During the golden age of science fiction films in the 1950s, “keep watching the skies” was a popular refrain. That’s advice that many of us have taken to heart, regardless of our tolerance for monsters in rubber suits and UFOs on wobbly strings.
The stars, and what lies beyond them, has proved to be a constant source of fascination. Whether you’re a newcomer to the world of astronomy or a season veteran, there is always more to learn. This guide will aid you in your interstellar education.
Learning the Astronomy Lingo
If you’re brand new to astronomy, the practice can feel a little intimidating. In many respects, it’s akin to learning a new language – almost literally, when we consider the amount of Latin terms that are used. Your first step will be to master the terminology.
- The Sky at Night Magazine boasts its very own Astronomy Dictionary, providing definitions for any unfamiliar words you may encounter.
- Sky and Telescope offers a similar glossary of terms, as does Sea and Sky.
- For more advanced learning of astronomical jargon, be sure to investigate the glossaries devised by the California Institute of Technology and Rochester Institute of Technology.
Science and Physics Learning for Kids
It’s a great idea to get the next generation of astronomers, whether strictly amateur or aspirational professionals, interested in the night sky. For this to really take hold though, young people need a firm grasp of science and physics. There are numerous online resources that provide this – as well as laying valuable foundations in the STEM fields.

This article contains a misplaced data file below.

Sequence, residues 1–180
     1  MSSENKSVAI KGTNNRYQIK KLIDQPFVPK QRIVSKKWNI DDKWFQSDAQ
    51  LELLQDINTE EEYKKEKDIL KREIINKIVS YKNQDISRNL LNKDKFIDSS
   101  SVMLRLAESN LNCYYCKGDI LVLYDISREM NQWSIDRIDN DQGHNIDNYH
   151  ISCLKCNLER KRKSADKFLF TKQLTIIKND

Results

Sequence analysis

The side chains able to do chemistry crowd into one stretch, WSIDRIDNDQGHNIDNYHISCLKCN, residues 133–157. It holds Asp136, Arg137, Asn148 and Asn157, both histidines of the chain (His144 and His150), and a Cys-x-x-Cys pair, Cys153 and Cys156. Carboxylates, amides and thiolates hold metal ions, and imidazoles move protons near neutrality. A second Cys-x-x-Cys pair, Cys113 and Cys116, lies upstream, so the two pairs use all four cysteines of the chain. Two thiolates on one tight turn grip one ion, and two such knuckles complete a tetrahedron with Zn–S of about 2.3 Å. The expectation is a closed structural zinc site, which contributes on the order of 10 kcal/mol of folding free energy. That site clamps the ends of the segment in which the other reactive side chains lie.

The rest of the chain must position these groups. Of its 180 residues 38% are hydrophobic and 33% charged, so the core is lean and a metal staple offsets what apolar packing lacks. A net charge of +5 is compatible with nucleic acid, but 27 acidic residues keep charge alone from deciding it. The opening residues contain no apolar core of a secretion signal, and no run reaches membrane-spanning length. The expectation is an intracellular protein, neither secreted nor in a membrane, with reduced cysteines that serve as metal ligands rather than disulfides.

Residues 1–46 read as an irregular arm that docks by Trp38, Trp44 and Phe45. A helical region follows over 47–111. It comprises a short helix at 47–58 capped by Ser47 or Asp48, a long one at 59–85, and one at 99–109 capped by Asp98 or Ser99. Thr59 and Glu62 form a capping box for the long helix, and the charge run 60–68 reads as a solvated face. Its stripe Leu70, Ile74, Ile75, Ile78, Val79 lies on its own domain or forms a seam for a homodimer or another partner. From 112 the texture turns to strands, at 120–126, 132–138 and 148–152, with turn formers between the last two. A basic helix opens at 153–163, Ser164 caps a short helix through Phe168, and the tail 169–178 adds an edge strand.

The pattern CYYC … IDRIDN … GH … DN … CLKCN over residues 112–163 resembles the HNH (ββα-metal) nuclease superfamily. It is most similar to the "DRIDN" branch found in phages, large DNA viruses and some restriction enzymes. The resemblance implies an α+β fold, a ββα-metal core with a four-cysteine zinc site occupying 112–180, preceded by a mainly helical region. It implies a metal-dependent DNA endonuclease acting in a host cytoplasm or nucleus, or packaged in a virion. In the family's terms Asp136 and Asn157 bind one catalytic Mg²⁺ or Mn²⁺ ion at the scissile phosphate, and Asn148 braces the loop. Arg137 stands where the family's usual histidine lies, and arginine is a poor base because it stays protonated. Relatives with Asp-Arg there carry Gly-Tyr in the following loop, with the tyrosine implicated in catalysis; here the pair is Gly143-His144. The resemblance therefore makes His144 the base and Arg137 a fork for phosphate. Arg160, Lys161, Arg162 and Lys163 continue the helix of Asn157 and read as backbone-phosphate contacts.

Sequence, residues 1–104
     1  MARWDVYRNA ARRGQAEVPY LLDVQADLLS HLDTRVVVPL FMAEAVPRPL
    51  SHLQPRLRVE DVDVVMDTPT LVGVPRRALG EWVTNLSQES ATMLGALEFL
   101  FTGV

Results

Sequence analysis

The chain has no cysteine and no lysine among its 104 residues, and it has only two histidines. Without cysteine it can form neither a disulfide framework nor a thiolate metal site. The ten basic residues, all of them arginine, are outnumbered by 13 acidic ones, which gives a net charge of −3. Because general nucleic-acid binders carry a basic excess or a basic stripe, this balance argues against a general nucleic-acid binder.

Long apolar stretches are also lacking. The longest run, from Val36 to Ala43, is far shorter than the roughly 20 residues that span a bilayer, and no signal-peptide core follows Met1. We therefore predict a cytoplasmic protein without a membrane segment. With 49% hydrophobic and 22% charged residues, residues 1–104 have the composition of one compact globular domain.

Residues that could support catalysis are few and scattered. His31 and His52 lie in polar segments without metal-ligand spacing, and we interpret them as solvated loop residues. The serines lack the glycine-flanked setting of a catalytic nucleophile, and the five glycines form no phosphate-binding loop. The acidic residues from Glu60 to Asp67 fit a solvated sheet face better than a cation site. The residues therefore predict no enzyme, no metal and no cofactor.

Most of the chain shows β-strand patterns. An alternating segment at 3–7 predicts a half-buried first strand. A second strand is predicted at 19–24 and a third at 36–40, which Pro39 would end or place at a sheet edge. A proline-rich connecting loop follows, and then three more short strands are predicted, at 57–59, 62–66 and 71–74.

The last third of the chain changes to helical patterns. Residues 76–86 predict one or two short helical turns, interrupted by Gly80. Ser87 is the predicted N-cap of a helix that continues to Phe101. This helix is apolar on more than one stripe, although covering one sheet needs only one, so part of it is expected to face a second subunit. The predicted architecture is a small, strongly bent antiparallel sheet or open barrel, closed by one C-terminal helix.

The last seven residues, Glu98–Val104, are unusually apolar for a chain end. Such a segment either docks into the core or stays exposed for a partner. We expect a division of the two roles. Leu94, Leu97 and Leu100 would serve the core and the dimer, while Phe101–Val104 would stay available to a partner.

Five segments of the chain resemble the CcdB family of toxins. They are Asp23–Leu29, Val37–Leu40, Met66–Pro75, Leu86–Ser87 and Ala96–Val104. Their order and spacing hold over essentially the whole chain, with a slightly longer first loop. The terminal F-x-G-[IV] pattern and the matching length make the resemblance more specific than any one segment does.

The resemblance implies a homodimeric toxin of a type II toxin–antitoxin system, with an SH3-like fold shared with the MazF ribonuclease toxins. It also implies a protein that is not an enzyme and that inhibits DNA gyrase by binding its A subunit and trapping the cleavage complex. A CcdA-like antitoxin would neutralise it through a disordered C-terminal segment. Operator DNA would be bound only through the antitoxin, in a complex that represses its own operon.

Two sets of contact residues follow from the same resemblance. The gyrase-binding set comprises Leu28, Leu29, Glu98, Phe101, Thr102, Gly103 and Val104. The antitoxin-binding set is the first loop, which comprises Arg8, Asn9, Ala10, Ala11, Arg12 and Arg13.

- Science4Fun balances education merit with cutesy fun for young children. The site also has a dedicated section devoted to physics. The similarly named Physics4Kids offers a similar service.
- Study is an ever-reliable resource for online education, and offers a physics academy for young learners. You may also find appropriate lessons at Khan Academy, though many of the courses here are designed with adults in mind.
- NurtureStore offers tips on how to homeschool science to children. Stanford University also provides advice on teaching young learners about physics.
- Common Sense Media offers a range of scientific sources that will benefit kids of all ages. For an even more dedicated summary, take a look at Master’s in Data Science. The latter even breaks down classes into age group.
- To test if your children are paying attention, set them some Real World Physics Problems to solve.
- If you’re looking for a particular focus on astronomy, be sure to investigate the Homeschool Network and Teach Beside Me. NASA even has a special training program of their own for younger learners.
Building an Astronomy Kit
Once you are confident enough to commence stargazing, you’ll need to invest in appropriate equipment. An effective astronomy kit needs more than just a pair of birdwatching binoculars. You’ll need to commit to building up appropriate apparatus.